Why Teenage Mutant Ninja Turtles Was Hero Turtles in the UK

iStock
iStock

by Simon Brew

When the original Teenage Mutant Ninja Turtles movie made it to British cinemas in 1990, there was a disparity that became immediately apparent to the youth of the United Kingdom. By this time, kids around the world were familiar with the Teenage Mutant Ninja Turtles cartoon series, yet kids in the UK knew it under a different name: Teenage Mutant Hero Turtles.

So, why the change?

At the time, the British government was on the offensive against violence in children's television, and ninjas and nunchucks were both in the firing line. As such, in spite of the preexisting comic line, it soon became clear that Ninja Turtles wasn't going to be allowed near England's impressionable youth. Thus, the turtles needed to be heroes, not ninjas, and the cartoon theme song lyrics, action figure packaging, and video game box art needed to reflect that.

Since the movie wasn't being screened on children's television, it managed to escape the alterations and keep its original title. However, nunchucks were still taboo, so only brief glimpses of Michelangelo's signature weapon are seen in the UK version of the movie—and they're never used in action. The censorship was so strict, that in Teenage Mutant Ninja Turtles II: The Secret of the Ooze, a scene in which Michelangelo uses a pair of sausage links as faux nunchucks was also edited out, leading to the following note from the British Board of Film Classification: "After turtle takes down sausages and uses them as a flail. Reduce to minimum dazzling display of swinging sausages indistinguishable from chainsticks."

The changes in the cartoon name stretched well beyond the UK and actually affected other European countries as well. Episodes of Teenage Mutant Hero Turtles were aired to children in Austria, Germany, Norway, and Belgium, before the title eventually reverted to Ninja Turtles as subsequent reruns began airing years later. And if you visit Nickelodeon's UK website for the most recent Teenage Mutant Ninja Turtles cartoon that began in 2012, the name remains unchanged (you can even see a picture of Michelangelo holding some nunchucks).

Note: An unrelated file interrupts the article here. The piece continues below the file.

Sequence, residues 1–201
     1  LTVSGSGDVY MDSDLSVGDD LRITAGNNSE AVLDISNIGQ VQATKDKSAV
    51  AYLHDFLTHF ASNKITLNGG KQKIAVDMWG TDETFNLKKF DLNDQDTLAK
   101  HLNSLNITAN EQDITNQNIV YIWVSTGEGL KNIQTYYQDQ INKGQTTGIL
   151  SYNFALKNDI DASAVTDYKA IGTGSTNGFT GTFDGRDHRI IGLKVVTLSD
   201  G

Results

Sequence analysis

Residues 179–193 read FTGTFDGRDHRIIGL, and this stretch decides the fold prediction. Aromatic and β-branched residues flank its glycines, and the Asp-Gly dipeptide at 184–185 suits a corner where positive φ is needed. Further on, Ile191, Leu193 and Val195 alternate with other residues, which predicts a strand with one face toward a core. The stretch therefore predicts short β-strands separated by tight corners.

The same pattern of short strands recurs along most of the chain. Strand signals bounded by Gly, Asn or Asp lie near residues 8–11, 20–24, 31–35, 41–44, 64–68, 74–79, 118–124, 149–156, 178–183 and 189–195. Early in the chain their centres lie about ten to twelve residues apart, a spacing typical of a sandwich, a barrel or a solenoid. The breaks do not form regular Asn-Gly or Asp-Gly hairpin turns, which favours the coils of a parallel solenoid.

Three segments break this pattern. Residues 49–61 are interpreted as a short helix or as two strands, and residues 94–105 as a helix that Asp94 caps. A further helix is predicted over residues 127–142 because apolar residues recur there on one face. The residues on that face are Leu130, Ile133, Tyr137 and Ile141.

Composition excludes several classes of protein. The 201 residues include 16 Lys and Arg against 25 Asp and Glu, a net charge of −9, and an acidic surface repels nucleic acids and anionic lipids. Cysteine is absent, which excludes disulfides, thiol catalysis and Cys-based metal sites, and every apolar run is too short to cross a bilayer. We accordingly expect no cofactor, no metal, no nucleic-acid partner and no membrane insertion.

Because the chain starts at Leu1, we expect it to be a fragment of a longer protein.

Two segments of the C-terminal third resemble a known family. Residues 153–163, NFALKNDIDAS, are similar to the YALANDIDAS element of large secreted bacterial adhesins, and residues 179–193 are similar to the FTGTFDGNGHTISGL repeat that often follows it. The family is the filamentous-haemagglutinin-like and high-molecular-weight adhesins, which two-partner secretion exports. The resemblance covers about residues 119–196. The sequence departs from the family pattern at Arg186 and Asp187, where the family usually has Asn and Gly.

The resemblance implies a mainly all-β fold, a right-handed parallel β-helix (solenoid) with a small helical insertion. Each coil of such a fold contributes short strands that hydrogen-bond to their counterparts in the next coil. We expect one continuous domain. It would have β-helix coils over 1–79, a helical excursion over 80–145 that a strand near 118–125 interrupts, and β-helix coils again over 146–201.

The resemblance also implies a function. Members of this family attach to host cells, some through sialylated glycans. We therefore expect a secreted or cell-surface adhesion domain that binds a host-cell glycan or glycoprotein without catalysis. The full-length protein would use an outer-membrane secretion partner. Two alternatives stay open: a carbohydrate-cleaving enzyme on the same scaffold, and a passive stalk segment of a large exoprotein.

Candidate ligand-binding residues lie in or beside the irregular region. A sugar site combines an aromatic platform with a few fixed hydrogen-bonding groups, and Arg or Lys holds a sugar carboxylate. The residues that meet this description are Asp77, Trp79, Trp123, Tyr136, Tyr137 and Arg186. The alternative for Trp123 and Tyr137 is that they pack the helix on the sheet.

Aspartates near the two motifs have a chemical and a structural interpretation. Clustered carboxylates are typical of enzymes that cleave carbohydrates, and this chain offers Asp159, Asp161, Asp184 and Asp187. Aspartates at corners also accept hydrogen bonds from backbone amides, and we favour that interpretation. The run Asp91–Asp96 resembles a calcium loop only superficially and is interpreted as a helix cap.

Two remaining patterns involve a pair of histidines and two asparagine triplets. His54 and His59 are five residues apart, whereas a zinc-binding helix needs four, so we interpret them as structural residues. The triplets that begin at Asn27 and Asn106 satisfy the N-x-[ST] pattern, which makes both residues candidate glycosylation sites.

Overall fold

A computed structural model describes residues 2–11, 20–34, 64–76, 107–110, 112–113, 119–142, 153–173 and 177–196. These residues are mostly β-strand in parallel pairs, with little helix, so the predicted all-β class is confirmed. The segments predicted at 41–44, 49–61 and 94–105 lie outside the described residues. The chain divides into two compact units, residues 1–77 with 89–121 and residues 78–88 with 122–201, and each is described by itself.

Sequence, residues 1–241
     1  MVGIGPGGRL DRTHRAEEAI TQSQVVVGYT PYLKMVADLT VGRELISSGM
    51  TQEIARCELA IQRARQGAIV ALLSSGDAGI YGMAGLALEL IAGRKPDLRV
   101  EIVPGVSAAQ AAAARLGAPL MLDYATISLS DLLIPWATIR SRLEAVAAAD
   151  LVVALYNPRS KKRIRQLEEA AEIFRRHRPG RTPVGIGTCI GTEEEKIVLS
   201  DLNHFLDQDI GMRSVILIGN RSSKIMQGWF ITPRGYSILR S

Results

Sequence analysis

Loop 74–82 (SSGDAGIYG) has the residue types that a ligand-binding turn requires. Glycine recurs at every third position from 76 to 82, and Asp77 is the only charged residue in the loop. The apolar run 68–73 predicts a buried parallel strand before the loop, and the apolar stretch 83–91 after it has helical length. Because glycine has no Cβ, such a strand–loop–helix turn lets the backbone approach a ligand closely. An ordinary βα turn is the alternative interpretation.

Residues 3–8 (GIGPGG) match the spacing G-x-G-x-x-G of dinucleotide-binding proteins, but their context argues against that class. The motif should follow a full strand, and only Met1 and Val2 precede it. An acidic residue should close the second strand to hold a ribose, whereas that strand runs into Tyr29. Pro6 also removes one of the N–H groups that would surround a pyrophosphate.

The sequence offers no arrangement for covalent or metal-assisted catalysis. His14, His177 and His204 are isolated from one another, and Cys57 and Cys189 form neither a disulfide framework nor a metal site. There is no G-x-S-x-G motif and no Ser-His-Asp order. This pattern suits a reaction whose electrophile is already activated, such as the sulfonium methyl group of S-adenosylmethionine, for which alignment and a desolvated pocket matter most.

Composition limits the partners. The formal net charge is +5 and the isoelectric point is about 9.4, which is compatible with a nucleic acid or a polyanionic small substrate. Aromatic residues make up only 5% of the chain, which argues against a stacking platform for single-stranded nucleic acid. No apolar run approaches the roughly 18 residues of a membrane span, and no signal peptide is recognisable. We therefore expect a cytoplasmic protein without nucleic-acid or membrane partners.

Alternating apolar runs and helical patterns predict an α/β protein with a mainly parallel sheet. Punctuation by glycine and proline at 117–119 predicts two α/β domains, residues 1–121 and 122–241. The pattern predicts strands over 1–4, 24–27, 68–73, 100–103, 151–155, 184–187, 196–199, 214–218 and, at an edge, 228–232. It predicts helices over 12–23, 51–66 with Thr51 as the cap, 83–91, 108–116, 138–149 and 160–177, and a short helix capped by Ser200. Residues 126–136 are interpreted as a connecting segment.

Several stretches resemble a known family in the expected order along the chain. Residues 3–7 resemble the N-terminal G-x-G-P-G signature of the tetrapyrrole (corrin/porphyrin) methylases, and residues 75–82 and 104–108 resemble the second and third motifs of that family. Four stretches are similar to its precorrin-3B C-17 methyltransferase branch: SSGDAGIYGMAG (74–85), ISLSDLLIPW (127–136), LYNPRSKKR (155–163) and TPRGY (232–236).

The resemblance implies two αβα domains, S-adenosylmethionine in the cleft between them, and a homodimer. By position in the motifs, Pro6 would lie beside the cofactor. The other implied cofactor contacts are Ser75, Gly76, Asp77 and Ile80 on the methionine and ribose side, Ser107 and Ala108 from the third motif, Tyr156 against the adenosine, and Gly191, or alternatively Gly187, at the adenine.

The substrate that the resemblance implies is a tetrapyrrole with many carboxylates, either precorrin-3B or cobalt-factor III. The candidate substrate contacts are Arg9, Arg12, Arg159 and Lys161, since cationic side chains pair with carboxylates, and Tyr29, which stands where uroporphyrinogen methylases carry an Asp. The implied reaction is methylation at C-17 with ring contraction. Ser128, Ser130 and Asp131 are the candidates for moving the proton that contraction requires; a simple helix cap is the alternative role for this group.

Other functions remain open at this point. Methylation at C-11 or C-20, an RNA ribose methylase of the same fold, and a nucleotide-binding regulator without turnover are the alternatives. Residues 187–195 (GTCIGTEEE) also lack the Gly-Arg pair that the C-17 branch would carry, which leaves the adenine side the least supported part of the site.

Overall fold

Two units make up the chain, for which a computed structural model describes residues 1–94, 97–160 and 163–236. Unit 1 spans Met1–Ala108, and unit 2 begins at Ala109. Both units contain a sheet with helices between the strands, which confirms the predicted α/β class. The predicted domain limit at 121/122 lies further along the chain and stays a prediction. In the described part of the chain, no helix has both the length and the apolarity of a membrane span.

It's fair to say that the Teenage Mutant Hero Turtles name is pretty much no more, but here's a look at the edited intro sequence that British children got to watch:

Kodak’s New Cameras Don't Just Take Photos—They Also Print Them

Your Instagram account wishes it had this clout.
Your Instagram account wishes it had this clout.
Kodak

Snapping a photo and immediately sharing it on social media is definitely convenient, but there’s still something so satisfying about having the printed photo—like you’re actually holding the memory in your hands. Kodak’s new STEP cameras now offer the best of both worlds.

As its name implies, the Kodak STEP Instant Print Digital Camera, available for $70 on Amazon, lets you take a picture and print it out on that very same device. Not only do you get to skip the irksome process of uploading photos to your computer and printing them on your bulky, non-portable printer (or worse yet, having to wait for your local pharmacy to print them for you), but you never need to bother with ink cartridges or toner, either. The Kodak STEP comes with special 2-inch-by-3-inch printing paper inlaid with color crystals that bring your image to life. There’s also an adhesive layer on the back, so you can easily stick your photos to laptop covers, scrapbooks, or whatever else could use a little adornment.